This is a good example of the difference between real science and pseudo-science. Note how REAL SCIENCE refuses to accept researchers' findings and assertions unless and until they can be duplicated by others under similar circumstances. Do we really believe that Dr. Taleyarkhan has succeeded in producing nuclear fusion in this table-top experiment? So far colleagues have expressed real doubts. Purdue University has decided to investigate. Let's hope this isn't another example of the recent South Korean stem cell scandal.
March 8, 2006
Fusion is the process the sun uses to produce heat and light, and scientists
led by Rusi P. Taleyarkhan, a professor of nuclear engineering at Purdue, said
they were able to achieve the same feat by blasting a container of liquid
solvent with strong ultrasonic vibrations.
The vibrations, they said, collapsed tiny gas bubbles in the liquid, heating
them to millions of degrees, hot enough to initiate fusion. If true, the
phenomenon, often called sonofusion or bubble fusion, could have far-reaching
applications, including the generation of energy.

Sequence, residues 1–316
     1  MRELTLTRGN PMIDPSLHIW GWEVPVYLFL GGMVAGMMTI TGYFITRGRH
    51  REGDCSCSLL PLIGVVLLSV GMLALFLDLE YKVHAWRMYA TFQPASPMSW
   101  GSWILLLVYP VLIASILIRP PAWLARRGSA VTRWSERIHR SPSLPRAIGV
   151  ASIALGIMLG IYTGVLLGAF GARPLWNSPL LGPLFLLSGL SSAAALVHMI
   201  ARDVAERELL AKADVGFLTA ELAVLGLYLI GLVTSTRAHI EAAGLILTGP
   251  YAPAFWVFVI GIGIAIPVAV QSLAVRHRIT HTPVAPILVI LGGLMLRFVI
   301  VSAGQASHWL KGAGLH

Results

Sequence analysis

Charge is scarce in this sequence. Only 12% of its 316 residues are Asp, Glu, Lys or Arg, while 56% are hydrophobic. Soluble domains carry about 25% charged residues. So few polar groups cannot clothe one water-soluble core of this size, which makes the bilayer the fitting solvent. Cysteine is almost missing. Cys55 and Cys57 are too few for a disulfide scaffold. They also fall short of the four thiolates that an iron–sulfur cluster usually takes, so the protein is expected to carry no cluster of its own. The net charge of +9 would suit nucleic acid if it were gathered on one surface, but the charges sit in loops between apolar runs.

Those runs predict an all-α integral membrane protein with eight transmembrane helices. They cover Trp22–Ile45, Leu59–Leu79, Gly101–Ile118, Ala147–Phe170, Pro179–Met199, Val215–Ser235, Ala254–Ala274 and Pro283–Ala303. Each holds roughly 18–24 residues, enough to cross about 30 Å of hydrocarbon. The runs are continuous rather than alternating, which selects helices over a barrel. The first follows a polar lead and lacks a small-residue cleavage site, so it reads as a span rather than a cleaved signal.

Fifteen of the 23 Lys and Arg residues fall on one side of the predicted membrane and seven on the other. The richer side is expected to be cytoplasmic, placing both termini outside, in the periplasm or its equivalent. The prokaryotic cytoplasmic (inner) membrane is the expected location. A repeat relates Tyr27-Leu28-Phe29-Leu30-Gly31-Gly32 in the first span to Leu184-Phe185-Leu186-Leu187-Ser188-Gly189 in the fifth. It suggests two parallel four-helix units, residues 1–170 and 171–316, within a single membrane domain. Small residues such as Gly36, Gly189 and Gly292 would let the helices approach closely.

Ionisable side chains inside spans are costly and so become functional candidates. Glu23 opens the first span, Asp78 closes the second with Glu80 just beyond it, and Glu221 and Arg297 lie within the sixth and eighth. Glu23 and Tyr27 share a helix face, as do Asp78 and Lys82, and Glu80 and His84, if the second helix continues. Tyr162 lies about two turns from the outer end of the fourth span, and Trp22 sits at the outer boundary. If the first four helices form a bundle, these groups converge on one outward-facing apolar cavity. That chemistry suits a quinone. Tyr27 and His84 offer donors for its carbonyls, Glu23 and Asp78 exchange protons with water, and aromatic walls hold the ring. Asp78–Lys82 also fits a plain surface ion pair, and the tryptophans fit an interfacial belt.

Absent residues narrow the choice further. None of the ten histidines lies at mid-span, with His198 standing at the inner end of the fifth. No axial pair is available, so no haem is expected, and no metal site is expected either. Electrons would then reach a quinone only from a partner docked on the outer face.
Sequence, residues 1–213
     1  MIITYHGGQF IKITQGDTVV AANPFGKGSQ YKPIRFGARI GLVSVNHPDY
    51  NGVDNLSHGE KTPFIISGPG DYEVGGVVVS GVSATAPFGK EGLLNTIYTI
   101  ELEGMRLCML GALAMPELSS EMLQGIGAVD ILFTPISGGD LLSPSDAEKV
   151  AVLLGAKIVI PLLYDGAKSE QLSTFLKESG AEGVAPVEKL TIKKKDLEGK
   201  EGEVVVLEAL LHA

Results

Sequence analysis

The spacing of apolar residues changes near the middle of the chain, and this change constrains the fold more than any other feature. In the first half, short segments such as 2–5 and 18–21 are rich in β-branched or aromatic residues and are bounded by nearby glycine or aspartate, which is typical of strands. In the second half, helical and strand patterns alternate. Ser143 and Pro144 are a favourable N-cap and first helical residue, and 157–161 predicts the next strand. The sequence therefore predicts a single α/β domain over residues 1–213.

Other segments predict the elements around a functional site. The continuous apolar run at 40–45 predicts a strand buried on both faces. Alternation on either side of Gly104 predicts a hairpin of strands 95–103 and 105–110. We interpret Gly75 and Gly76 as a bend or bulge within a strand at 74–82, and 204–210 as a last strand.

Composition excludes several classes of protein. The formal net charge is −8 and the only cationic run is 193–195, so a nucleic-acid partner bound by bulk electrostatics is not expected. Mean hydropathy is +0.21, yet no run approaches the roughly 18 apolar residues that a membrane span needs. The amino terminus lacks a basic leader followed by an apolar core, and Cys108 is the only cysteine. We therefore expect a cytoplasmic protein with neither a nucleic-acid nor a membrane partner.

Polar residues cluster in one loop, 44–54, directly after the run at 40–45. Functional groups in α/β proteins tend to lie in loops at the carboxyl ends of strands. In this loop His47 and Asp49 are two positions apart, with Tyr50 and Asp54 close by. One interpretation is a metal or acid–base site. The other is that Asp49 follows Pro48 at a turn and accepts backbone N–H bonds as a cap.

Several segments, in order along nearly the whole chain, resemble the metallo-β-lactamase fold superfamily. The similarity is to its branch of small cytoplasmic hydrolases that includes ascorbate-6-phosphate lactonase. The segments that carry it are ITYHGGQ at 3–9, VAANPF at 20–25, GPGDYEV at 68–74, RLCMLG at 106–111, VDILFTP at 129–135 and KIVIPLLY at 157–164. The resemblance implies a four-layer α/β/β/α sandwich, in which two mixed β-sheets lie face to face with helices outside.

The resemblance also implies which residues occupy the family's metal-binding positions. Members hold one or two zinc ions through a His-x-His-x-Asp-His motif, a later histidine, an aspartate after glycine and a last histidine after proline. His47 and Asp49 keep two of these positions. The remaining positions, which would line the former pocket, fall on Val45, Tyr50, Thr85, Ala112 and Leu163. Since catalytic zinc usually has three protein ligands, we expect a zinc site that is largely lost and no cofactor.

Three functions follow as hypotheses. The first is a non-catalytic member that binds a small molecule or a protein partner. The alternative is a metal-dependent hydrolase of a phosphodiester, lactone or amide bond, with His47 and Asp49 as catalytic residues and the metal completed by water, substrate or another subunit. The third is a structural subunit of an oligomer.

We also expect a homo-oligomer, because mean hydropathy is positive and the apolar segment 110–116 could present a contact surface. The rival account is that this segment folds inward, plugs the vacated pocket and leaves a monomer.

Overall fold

The research first appeared in 2002 in the journal Science, but controversy
had erupted even before publication. Dr. Taleyarkhan, then a senior scientist at
Oak Ridge National Laboratory in
Dr. Taleyarkhan, who joined the Purdue faculty in 2003, and his colleagues
have published two additional papers in major physics journals, amid the
continuing skepticism of other scientists. No other scientists have been able to
reproduce the findings.
The university began a review of the research and the accusations last week,
Sally Mason, the university provost, said in a statement. "The research
claims involved are very significant," Dr. Mason said, "and the
concerns expressed are extremely serious."
Dr. Mason said that the review was being conducted by Purdue's Office of the
Vice President of Research and that the results would be announced publicly.
Dr. Taleyarkhan did not return phone calls or respond to an e-mail message
Meanwhile, Brian Naranjo, a graduate student at the University
Instead, Mr. Naranjo said that the pattern of particles seen in the
experiment much more closely matched that given off by californium, a
radioactive element that is used in Dr. Taleyarkhan's laboratory. With $350,000
from the Defense Department, Seth J. Putterman, a professor of physics at
U.C.L.A. and the thesis adviser to Mr. Naranjo, has tried to build a replica of
Dr. Taleyarkhan's apparatus and has not seen any signs of fusion.
Dr. Putterman said he told Dr. Taleyarkhan of the calculations last week on a
visit to Purdue. "He didn't have any clear answers," Dr. Putterman
said. "From my perspective, his answers were not satisfactory."
Californium is present in Dr. Taleyarkhan's laboratory, stored in a closet
about 15 feet from the experiment — close enough to generate the results
reported in Dr. Taleyarkhan's paper if it had been stored improperly.